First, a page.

"The Great Buster," a new documentary about the silent-film star Buster Keaton, arises out of a lifelong love affair.
"My father took me to see him at the Museum of Modern Art when I was about 6 or 7 years old, or maybe 5 — I don't know, pretty young," said Peter Bogdanovich, the film's director.
Bogdanovich, in his late 70s now, directed such movie classics as "The Last Picture Show," "Paper Moon" and "What's Up, Doc?" He's also a critic and film historian with a string of documentaries to his name. When William Cohen, who owns the rights to all the Keaton films of the 1920s, approached him about making a Keaton documentary, he said yes immediately.
Buster Keaton not only created some of the great movies of the '20s; he also developed the foundation of comedic film as we know it today. Bogdanovich's film explores that legacy.
Making silent films involves a certain approach to storytelling. Bogdanovich said the silents represent the golden age of film comedy.
"Because it was black and white, which is not distracting, and you didn't have to wait for laughs, because there was no dialogue," he said. "It was a great period for comedy, and Buster was maybe the funniest of them all."
Like many silent stars, Keaton came out of vaudeville. His parents did a comedy act. In the film, Keaton's friend Dick Van Dyke says they quickly involved their son in their slapstick routine in an alarming way.
"They had a handle on him, like a suitcase, and they used to throw him around the stage," he said. Supposedly, Keaton's father even threw him at a heckler one night.
Not surprisingly, the older Keatons were repeatedly arrested for child abuse, but were always able to prove it was all an illusion. They taught Buster at an early age how to take a fall, a skill that he used all the way through his film career. Bogdanovich said he even got his name "Buster" from his falling ability.
"Supposedly Harry Houdini saw him fall down a flight of stairs when he was like a year old or less, and said, 'That was some buster your kid took.' 'Buster' meaning a fall in those days. And that name stuck," Bogdanovich said.
As an adult, Keaton felt the attraction of a new medium, moving pictures. It drew him to California at the birth of the Hollywood film industry. He made two-reelers, short comedic films. Movie theaters of the time would play several during a performance.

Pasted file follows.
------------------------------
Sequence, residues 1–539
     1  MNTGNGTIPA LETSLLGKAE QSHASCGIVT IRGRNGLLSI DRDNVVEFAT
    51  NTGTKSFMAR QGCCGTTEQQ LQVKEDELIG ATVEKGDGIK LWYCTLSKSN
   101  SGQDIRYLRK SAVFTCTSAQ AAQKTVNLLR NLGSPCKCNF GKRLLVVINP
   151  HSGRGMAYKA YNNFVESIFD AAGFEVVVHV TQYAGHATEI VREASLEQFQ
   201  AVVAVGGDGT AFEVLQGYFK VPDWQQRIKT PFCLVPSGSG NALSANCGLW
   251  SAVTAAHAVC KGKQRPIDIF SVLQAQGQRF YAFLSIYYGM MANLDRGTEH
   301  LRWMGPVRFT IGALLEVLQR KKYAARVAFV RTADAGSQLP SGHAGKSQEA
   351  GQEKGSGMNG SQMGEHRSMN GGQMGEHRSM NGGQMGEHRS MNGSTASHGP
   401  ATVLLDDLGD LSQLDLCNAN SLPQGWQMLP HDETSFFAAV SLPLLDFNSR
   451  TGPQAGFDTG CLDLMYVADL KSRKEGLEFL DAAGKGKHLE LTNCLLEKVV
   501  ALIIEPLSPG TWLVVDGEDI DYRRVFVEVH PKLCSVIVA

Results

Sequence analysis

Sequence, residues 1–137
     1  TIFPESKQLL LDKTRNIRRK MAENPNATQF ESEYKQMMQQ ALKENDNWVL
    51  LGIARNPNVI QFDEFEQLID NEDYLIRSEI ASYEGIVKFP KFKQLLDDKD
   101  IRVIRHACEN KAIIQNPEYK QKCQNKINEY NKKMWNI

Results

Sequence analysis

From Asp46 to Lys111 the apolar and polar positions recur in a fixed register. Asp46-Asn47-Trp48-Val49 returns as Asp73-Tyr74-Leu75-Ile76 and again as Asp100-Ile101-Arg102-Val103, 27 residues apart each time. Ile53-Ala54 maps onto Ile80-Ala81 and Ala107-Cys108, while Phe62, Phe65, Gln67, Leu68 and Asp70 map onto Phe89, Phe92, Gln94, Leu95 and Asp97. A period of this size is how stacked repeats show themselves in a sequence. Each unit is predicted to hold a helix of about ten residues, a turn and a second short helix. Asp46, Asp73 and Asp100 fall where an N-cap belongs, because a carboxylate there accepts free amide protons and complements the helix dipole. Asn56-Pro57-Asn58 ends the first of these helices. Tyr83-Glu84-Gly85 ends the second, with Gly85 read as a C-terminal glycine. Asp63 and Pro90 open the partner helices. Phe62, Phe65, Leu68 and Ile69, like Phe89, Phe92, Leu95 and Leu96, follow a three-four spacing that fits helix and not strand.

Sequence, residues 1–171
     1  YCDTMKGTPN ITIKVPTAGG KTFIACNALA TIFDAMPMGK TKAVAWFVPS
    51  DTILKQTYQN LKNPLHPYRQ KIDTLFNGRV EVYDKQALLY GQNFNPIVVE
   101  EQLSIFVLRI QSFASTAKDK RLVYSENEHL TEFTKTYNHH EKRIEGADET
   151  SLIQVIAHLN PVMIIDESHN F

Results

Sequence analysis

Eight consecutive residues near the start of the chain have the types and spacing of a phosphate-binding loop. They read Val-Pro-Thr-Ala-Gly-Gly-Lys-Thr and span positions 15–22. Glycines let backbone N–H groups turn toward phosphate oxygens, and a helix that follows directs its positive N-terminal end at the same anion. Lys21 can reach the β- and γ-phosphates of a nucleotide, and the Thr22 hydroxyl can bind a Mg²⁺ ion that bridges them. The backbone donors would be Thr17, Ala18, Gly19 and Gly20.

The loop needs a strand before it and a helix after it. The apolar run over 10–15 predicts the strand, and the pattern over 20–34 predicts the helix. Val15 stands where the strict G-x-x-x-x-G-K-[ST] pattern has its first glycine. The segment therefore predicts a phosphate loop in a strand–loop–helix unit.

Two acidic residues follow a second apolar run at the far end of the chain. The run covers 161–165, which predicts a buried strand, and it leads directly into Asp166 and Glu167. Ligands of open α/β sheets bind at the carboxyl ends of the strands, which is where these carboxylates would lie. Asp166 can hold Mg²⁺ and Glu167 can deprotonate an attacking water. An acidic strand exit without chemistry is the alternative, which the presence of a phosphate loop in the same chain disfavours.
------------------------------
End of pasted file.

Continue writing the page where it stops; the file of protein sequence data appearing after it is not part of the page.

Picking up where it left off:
Keaton was famed for his elaborate stunts, involving steam trains and falling houses. Bogdanovich said Keaton always did them himself.
"I don't know how he did it," he said. "Some of those falls are extraordinary."
He was also famous for his lack of expression, and became known as the Great Stone Face.
"He just didn't smile, or laugh," said Bogdanovich. "He was too busy being funny."
"The Great Buster" includes a number of current filmmakers describing how that lack of a smile does not mean a lack of expression. His used his eyes. Jon Watts faced a similar challenge when directing 2017's "Spiderman Homecoming" during the scenes when Peter Parker dons his Spidey mask.
"Here I have this character who has almost no expression in his face, but there is so much personality you want to create, and so much humor you want to bring out in the physicality. So I just went back and watched a bunch of Buster Keaton films," Watts said. "I used that as a baseline for so many 'Spiderman' moments."
"The Great Buster" shows Keaton's rise to fame and then his fall, when he was chewed up by the arrival of sound and the studio system. He kept working, though, until his death in 1966, doing bit parts and commercials, even making ads for Minnesota based Northwest Orient airlines.
While he was still alive, Keaton was honored overseas for his work. But Bogdanovich said that wasn't so true in the United States.
"That's America for you," he said. "Gore Vidal called it the United States of Amnesia. We discard, we forget the great work these people do and we move on. It's a young country and we haven't grown up yet."
But one great thing about the modern era, said Bogdanovich, is that all of Keaton's work is still available, on discs or online. You just have to go looking for it.